A team of Northwestern University investigators have developed a flexible, tiny, soft implant that can relieve pain without using any drugs. As described in a study published in Science, the first-of-its-kind device could provide a much-needed recourse to opioids and other highly addictive medications.
The implant is a biocompatible, water-soluble device that works by softly wrapping around nerves to deliver precise, targeted cooling, which then numbs the nerves and blocks pain signals to the brain. An external pump facilitates the user to remotely activate the device and then regulate its intensity. After the device is no longer needed, it is absorbed naturally into the body — avoiding the need for a surgical extraction.
John Rogers, PhD, the Louis Simpson and Kimberly Querrey Professor of Materials Science and Engineering, Biomedical Engineering and Neurological Surgery, is the senior author of the study published in Science. Scientists believe that the implant will be most beneficial to patients who undergo surgeries or amputations that commonly require post-operative medication. Surgeons can implant the device during the procedure to help manage the patient’s post-op pain.
“Although opioids are extremely effective, they also are extremely addictive,” said John Rogers, PhD, Louis Simpson and Kimberly Querrey Professor of Materials Science and Engineering, Biomedical Engineering and Neurological Surgery, who pioneered the device’s development. “As engineers, we are motivated by the idea of treating pain without drugs — in ways that can be turned on and off instantly, with user control over the intensity of relief,” says Rogers, also the founding director of the Querrey Simpson Institute for Bioelectronics. “The technology reported here exploits the mechanism that causes your fingers to feel number when cold. Our implant allows that effect to be produced in a programmable way, directly and locally to targeted nerves, even those deep within surrounding soft tissues.”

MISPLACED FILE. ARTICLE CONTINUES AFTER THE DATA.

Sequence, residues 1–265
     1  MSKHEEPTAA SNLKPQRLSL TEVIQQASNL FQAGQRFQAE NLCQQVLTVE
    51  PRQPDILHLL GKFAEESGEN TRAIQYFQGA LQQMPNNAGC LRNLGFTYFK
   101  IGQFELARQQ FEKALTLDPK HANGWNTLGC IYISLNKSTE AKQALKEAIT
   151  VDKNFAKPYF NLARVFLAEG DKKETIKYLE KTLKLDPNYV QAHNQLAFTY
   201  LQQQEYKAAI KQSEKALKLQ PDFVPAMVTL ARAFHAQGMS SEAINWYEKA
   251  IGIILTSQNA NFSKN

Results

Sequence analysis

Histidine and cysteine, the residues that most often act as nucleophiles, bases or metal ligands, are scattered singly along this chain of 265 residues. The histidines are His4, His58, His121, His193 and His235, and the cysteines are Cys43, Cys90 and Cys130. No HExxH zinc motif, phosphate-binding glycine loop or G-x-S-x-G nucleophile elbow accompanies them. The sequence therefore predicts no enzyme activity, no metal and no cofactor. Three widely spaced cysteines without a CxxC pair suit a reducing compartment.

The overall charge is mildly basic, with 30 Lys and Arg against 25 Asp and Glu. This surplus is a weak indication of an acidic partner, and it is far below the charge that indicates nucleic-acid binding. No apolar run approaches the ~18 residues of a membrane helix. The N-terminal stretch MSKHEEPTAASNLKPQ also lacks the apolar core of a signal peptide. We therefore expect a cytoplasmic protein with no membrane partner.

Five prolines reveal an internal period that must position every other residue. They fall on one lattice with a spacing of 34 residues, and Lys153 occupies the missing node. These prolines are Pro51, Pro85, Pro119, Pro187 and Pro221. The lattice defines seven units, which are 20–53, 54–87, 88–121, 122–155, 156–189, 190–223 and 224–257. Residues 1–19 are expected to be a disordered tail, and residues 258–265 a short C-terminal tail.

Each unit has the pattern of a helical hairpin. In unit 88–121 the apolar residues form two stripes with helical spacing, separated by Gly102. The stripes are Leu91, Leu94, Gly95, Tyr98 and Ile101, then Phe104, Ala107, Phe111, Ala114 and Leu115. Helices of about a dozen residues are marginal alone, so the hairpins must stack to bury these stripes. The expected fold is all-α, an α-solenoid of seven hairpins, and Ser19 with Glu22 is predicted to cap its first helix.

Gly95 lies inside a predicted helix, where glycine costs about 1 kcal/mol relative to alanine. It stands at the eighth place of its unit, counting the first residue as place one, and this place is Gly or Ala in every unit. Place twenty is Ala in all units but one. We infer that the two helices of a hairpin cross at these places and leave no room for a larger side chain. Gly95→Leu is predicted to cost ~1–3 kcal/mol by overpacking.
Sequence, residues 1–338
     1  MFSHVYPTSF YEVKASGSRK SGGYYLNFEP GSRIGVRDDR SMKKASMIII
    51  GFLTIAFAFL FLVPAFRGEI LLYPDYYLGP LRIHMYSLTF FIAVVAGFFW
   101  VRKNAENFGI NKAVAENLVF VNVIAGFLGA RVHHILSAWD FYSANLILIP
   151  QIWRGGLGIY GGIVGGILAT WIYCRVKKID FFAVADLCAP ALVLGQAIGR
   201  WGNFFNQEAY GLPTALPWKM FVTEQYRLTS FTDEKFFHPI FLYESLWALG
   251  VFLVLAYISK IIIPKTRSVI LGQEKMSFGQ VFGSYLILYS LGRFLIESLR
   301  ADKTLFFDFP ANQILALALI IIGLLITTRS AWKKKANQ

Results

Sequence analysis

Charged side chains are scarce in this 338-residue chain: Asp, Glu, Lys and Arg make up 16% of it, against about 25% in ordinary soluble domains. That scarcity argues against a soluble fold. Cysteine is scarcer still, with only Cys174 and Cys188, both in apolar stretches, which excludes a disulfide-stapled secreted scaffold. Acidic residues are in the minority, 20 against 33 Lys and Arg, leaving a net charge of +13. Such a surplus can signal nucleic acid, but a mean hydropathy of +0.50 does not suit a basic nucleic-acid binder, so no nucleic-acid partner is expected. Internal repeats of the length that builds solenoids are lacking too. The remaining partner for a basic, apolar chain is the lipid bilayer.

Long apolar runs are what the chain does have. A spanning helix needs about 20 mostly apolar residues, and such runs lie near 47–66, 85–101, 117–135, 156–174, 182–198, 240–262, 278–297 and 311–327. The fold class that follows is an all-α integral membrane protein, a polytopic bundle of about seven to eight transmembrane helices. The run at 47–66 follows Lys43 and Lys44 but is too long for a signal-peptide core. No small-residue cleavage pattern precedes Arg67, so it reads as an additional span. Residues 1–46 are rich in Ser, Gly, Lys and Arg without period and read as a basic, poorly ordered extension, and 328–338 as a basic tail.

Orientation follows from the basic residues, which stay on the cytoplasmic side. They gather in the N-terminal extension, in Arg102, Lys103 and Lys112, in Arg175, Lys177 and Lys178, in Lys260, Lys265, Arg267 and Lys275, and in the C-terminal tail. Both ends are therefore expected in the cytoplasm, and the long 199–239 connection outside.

“As you cool down a nerve, the signals that travel through the nerve become slower and slower — eventually stopping completely,” said study co-author Matthew MacEwan, MD, PhD, of Washington University School of Medicine in St. Louis. “We are specifically targeting peripheral nerves, which connect your brain and your spinal cord to the rest of your body. These are the nerves that communicate sensory stimuli, including pain. By delivering a cooling effect to just one or two targeted nerves, we can effectively modulate pain signals in one specific region of the body.”
To cool the nerves, the device contains tiny microfluidic channels. One channel contains the liquid coolant, which is clinically approved as an ultrasound contrast agent and for pressurized inhalers. Another channel contains dry nitrogen, which is an inert gas. When the liquid and gas flow into a shared chamber, a reaction occurs that causes the liquid to quickly evaporate. Simultaneously, a tiny integrated sensor is used to monitor the temperature to ensure that it’s not getting too cold, which could cause tissue damage.
“Excessive cooling can damage the nerve and the fragile tissues around it,” Rogers said. “The duration and temperature of the cooling must therefore be controlled precisely. By monitoring the temperature at the nerve, the flow rates can be adjusted automatically to set a point that blocks pain in a reversible, safe manner.”
“If you think about soft tissues, fragile nerves and a body that’s in constant motion, any interfacing device must have the ability to flex, bend, twist and stretch easily and naturally,” Rogers said. “Furthermore, you would like the device to simply disappear after it is no longer needed, to avoid delicate and risky procedures for surgical removal.”